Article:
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New year, new rules! How to run effective meetings?

It is official, Shopify is killing boring work meetings! In an internal memo to employees sent on January 3, Shopify CEO Kaz Nejatian announced that all previously scheduled recurring work meetings with three or more people would be removed from their calendars, and a two-week "cooling off" period would be enforced before any meetings could be scheduled. We’ve all been stuck in a bad meeting… one person late and the entire group who arrived on time need to waste 10 minutes waiting for everyone to start the meeting; unclear agenda; freestyle discussion… Nothing is really decided and the meeting wraps up, as everyone silently loses one precise hour out of your 8 hours workday. Bad meetings kill productivity.

Meetings are scheduled to share information, decision-making, and to allow for feedback and discussion. The meeting becomes a problem when there is no information to impart, decision to make, or feedback to give, but the meeting still occurs. What type of meetings should we kill?

  • 1-on-1 meeting

  • Regular weekly / bi-weekly progress report with no goals

  • Meetings with no set agenda

How do we stay productive without meeting?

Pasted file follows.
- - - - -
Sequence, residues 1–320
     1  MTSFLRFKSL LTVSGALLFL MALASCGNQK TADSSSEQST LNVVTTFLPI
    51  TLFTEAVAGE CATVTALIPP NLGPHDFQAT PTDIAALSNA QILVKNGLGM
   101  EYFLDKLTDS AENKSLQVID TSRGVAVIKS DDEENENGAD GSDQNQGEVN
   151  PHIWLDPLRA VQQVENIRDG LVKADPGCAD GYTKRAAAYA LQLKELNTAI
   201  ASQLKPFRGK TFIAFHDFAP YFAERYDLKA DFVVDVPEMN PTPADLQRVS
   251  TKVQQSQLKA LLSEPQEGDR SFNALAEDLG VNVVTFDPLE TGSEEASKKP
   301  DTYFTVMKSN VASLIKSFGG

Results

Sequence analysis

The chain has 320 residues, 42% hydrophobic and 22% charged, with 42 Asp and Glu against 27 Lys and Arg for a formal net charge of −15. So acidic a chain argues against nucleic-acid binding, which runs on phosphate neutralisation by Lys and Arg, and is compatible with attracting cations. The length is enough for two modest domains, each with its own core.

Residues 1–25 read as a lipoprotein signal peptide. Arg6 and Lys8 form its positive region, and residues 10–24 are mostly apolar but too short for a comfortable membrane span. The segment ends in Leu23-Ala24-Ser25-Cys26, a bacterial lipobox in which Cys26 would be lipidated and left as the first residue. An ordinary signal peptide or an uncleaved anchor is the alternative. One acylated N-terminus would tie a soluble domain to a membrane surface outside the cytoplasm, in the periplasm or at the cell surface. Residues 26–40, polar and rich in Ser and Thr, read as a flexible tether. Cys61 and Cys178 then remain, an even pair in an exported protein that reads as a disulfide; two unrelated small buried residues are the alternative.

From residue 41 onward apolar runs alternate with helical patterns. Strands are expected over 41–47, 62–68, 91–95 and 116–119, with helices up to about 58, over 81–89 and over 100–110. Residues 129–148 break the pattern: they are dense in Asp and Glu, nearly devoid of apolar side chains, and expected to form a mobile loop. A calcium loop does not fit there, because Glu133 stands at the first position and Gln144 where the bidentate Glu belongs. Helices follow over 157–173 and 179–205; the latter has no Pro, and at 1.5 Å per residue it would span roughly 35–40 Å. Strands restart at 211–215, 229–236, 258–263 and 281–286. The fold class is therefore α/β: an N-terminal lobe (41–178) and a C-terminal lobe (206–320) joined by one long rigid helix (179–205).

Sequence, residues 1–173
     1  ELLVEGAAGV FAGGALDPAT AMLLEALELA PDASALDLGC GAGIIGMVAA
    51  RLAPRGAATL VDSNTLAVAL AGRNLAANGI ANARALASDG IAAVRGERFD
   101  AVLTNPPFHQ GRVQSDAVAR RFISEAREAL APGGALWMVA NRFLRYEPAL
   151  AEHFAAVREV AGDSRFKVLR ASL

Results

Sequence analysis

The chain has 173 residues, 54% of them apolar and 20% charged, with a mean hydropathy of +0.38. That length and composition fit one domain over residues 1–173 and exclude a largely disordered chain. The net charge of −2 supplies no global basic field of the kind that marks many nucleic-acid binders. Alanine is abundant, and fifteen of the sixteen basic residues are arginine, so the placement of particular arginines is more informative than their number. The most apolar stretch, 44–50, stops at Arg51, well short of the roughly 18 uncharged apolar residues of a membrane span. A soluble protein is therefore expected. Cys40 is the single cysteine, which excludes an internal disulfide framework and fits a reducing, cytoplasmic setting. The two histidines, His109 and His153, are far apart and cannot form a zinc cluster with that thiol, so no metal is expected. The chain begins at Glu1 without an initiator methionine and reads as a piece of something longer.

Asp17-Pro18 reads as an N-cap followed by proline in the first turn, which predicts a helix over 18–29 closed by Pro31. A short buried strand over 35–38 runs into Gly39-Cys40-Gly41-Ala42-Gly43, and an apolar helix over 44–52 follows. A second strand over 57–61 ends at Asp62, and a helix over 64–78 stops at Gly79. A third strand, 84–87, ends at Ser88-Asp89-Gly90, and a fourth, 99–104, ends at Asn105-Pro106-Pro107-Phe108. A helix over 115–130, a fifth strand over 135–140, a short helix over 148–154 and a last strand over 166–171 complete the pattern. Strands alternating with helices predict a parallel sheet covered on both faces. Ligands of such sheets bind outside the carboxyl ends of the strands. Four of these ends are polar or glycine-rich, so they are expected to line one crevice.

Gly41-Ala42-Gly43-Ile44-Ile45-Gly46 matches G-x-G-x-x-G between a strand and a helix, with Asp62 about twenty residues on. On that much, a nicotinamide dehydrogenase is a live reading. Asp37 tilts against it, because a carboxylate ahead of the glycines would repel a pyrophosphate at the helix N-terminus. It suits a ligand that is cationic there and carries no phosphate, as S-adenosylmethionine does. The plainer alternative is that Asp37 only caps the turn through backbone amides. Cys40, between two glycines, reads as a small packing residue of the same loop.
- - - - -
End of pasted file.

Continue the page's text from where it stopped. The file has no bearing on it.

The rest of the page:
Communicate through email, phone first before the need to communicate person-to-person. Making email our default communication mode is the most productive way after killing a brunch of meetings. If someone can not get the answers out from email, agree to a phone call, straight to the point. Dive right in: OK, what needs to be done here? What are we trying to accomplish? What tasks will be done by whom? And then you’re done.

What makes a successful meeting?

Yet, we believe productive meetings are still part and parcel of every organization - a way for the team to gather, exchange ideas, share feedback, and learn from each other. There is a better way. If we want to plan and host successful meetings, we will need a proper framework and time management strategy to lead the discussion in the right direction. Efficient meetings can speed through an agenda in a short amount of time; truly effective meetings deliver a tangible result or outcome. Everyone should leave with a feeling of clarity and confidence in exactly what they need to do, how they need to do it, and when it needs to be done. For meetings to stay effective and the attendants to stay engaged, we gather some tips and strategies from our Executives candidates - they work for anyone, regardless of title.

Create a meeting policy

Meeting needs to have an agenda (including recurring meetings), a call-in number, guidelines, and note distribution, for a start. Everyone within the organization can reject to attend meetings without this structure.

Explore alternatives

Could this meeting be done and concluded in an email? Most of the time, if the purpose of the meeting is to share information that does not require discussion, an email or shared drive with the correct information would serve the purpose. If the discussion requires more than one person, a call would work too which is generally shorter than scheduled meetings.